Alternanthera philoxeroides was added to the EPPO Alert List in 2007 and transferred to the List of Invasive Alien Plants in 2012.
Alternanthera philoxeroides (Amaranthaceae) is a perennial herb found both in aquatic and terrestrial habitats, and originating from South America. Pathways for introduction are unvoluntary introduction through ship ballast waters (the most probable way of introduction in Australia), and through plant mulch. In France it is thought that the possible origin or pathway of entry of the plant may be a voluntary introduction as an ornamental plant for ponds and aquaria. The common name of this species is “alligatorweed” in English, and the plant is considered as one of the worst weeds in the world. Within the EPPO region, the species only occurs in France and in Italy. Because its distribution is still very limited, this plant can be considered a new emerging invader in Europe.
Pictures: Chris Evans
EPPO region: France, Italy.
North America: Mexico, USA (invasive) (Arkansas, California, Florida, Georgia, Kentucky, Louisiana, Mississippi, North Carolina, South Carolina, Tennessee, Texas, Virginia).
Central America: Honduras.
South America: Argentina (native), Bolivia (native), Brazil (native), Colombia, Paraguay (native), Peru (native), Uruguay (native), Venezuela (native).
Asia: China (invasive - Fujian, Hunan, Jiangsu, Sichuan, Yunnan), India (invasive - Delhi, Maharashtra, Rajasthan), Myanmar (Burma), Singapore (invasive), Sri Lanka (invasive), Taiwan, Thailand (invasive), Vietnam.
Caribbean: Puero Rico (invasive).
Oceania: Australia (Invasive - New South Whales, Northern Territory, Queensland, South Australia, Tasmania, Victoria, Western Australia), Indonesia (invasive - Java), New Zealand (invasive - Auckland, Canterbury, Waikato), Papua New Guinea (invasive).
Note: In France, the plant seems only present in the Gironde estuary and on the river Garonne and does not seem to show there the same invasiveness as in other places of the world. In Italy, the species is only known in Pisa (Toscana).
This perennial aquatic or semi-terrestrial stoloniferous herb with branched, thick and hollow stems can grow till 10 m long. Leaves are shiny, opposite, entire and about 2-7 cm long and 1-2 cm wide. White flowers are born in heads of 8-10 cm in diameter. The plant can both colonize aquatic and terrestrial habitats. Over water, roots are adventicious and stems grow up to 60 cm high and have large, hollow internodes. On land, adventicious roots and thickened taproots occur, stems are shorter, and internodes smaller and much less hollow.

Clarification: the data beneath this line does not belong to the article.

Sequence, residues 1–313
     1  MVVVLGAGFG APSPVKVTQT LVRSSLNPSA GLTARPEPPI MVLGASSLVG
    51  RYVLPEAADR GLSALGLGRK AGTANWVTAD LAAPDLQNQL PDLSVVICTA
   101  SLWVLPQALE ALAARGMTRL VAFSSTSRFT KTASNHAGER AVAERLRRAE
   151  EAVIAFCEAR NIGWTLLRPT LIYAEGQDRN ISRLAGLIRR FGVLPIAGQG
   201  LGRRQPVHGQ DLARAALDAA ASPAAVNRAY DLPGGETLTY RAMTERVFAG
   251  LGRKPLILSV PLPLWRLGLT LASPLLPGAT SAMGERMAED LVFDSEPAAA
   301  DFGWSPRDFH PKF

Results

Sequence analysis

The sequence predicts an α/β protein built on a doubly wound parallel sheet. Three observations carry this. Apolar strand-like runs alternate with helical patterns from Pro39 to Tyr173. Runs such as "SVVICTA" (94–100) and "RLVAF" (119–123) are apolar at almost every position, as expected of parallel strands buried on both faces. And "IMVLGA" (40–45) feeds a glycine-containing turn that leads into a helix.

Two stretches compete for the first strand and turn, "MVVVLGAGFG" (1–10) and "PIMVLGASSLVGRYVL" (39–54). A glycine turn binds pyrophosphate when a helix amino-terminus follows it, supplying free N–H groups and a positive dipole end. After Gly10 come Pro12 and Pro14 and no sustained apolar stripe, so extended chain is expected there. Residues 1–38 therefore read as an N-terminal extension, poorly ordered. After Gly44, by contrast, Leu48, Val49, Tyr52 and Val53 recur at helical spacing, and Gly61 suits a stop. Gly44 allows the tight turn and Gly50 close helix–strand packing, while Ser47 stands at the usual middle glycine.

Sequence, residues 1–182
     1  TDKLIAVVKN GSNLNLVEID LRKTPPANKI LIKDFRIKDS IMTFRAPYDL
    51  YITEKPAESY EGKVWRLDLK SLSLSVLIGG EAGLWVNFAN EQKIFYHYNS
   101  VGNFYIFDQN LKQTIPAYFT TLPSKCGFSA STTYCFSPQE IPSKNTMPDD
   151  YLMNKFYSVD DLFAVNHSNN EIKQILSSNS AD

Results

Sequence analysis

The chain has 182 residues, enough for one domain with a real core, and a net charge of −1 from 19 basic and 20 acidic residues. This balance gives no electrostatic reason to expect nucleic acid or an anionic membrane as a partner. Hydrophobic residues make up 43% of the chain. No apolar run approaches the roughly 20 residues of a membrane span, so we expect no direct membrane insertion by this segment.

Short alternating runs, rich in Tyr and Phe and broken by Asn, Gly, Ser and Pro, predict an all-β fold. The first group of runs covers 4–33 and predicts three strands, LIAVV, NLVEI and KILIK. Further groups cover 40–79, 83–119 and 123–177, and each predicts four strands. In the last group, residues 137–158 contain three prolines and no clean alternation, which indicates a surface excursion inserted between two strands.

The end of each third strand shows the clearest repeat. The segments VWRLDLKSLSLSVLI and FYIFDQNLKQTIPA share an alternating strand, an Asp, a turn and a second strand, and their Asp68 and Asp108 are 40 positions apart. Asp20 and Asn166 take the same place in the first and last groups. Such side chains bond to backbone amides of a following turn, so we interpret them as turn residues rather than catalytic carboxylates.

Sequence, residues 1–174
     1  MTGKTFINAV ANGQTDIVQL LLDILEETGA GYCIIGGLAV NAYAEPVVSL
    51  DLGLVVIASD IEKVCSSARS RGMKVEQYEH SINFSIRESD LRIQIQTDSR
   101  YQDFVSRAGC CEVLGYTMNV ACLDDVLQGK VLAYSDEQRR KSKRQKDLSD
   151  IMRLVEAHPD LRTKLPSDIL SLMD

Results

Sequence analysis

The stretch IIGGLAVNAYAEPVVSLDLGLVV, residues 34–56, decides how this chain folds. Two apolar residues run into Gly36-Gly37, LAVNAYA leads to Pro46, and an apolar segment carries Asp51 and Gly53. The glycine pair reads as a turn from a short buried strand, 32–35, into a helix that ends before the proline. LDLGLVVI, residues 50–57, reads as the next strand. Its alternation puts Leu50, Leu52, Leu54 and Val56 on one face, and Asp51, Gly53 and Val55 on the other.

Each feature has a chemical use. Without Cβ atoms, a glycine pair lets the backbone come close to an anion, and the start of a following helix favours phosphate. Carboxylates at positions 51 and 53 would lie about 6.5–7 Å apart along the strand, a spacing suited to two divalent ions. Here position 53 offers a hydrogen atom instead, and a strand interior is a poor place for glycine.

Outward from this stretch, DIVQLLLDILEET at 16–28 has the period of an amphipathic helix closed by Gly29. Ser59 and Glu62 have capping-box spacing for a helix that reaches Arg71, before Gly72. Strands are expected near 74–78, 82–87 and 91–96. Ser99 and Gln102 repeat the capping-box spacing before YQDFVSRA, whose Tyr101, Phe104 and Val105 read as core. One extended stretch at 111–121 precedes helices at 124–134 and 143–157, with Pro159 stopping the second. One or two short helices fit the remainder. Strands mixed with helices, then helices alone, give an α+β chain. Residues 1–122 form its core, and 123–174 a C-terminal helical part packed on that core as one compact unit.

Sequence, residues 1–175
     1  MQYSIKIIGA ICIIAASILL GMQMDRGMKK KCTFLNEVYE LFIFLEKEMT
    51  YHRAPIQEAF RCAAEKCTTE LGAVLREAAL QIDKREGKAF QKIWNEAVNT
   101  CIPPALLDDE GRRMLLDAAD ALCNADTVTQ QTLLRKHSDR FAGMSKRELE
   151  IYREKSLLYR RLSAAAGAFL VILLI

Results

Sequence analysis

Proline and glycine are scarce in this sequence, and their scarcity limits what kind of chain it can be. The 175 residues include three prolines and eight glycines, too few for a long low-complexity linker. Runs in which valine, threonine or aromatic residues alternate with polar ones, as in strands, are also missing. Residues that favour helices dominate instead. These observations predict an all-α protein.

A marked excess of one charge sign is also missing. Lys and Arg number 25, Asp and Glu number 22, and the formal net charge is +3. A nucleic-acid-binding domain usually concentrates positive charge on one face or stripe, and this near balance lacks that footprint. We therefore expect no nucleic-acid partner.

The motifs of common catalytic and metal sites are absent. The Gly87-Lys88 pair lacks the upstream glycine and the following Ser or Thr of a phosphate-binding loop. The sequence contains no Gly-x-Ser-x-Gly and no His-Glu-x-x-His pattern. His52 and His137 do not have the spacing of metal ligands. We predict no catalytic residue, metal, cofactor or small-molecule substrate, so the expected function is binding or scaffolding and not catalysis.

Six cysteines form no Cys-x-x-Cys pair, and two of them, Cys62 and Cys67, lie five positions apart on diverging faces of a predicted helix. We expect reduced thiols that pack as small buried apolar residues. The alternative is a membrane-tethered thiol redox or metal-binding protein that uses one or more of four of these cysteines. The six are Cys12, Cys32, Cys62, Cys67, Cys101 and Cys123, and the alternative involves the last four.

Biology and ecology
Frost and ice kill exposed stems and leaves, however, protected stems survive. It grows on a wide range of substrate, from sand to heavy clay. The plant grows best on eutrophic conditions. The plant is salt tolerant and can adapt to low light conditions (up to 12% of full light). The plant does not produce viable seeds, reproduction is entirely vegetative and relies on the production of nodes. The fragments are dispersed by water. The plant is a serious problem in waterways in tropical and warm-temperate regions of the world.
The plant grows best in aquatic sites but may establish as a terrestrial species in wet and poor pastures and on irrigated lands, estuaries, lakes, riparian zones, water courses, wetlands, ponds, and irrigation canals.
The aquatic form can become a serious threat to waterways, agriculture and the environment. While invading agricultural systems, such as pastures, horticulture areas and irrigation areas, it can significantly reduce production. Livestock sometimes suffer from a skin condition, with increased sensitivity to sunlight after contact with A. philoxeroides. In Australia, it is known to blanket the surface of the water, impeding penetration of light and gaseous exchanges, resulting in adverse impacts on native flora and fauna. Moreover, mats impede flow and lead to flooding, they prevent access to and the use of water, and promote health problems by providing habitats for mosquitoes. The plant also negatively affects recreational water use.
Control of this species has proven expensive and complicated wherever it has established. A. philoxeroides has rarely, if ever, been successfully eradicated once it has invaded a water body, despite numerous costly attempts.
Mechanical control: mechanical harvesting can be useful, but all fragments have to be collected.
Chemical control: the species is resistant to many common herbicides, although dicamba, triclopyr, and bentazone are used to control this plant.
Biological control: Clinodiplosis alternantherae (Diptera: Cecidomyiidae) forms galls on branch tips and is a likely candidate to control A. philoxeroides. The two fungi Nimbya alternantherae and Cercospora alternantherae (Mycosphaerellaceae: Mycosphaerella) have also proven to have pathogenic effects on the pest. Three South American species were released in North-America: Agasicles hygophila (Coleoptera: Chrysomelidae), Amynothrips andersoni (Thysanoptera: Phlaeothripidae), Vogtia malloi (Lepidoptera: Pyralidae), which seemed to heavily damage the plant. Moreover, a disease caused by Fusarium sp. that occurs on natural populations may be a good biocontrol agent.
Global Invasive Species Database. http://www.invasivespecies.net/database/species/ecology.asp?si=763&fr=1&sts=sss
Invasive species website. http://www.invasive.org/browse/subject.cfm?sub=2779
Hawaiian Ecosystems at Risk Project – Althernanthera philoxeroides. http://www.hear.org/pier/species/alternanthera_philoxeroides.htm
Weber E (2003) Invasive plant species of the world – a reference guided to environmental weeds. CABI Publishing. Wallingford, UK, 548 p. p. 40.
|EPPO RS 2007/206||
Entry date 2007-10 / 2012-05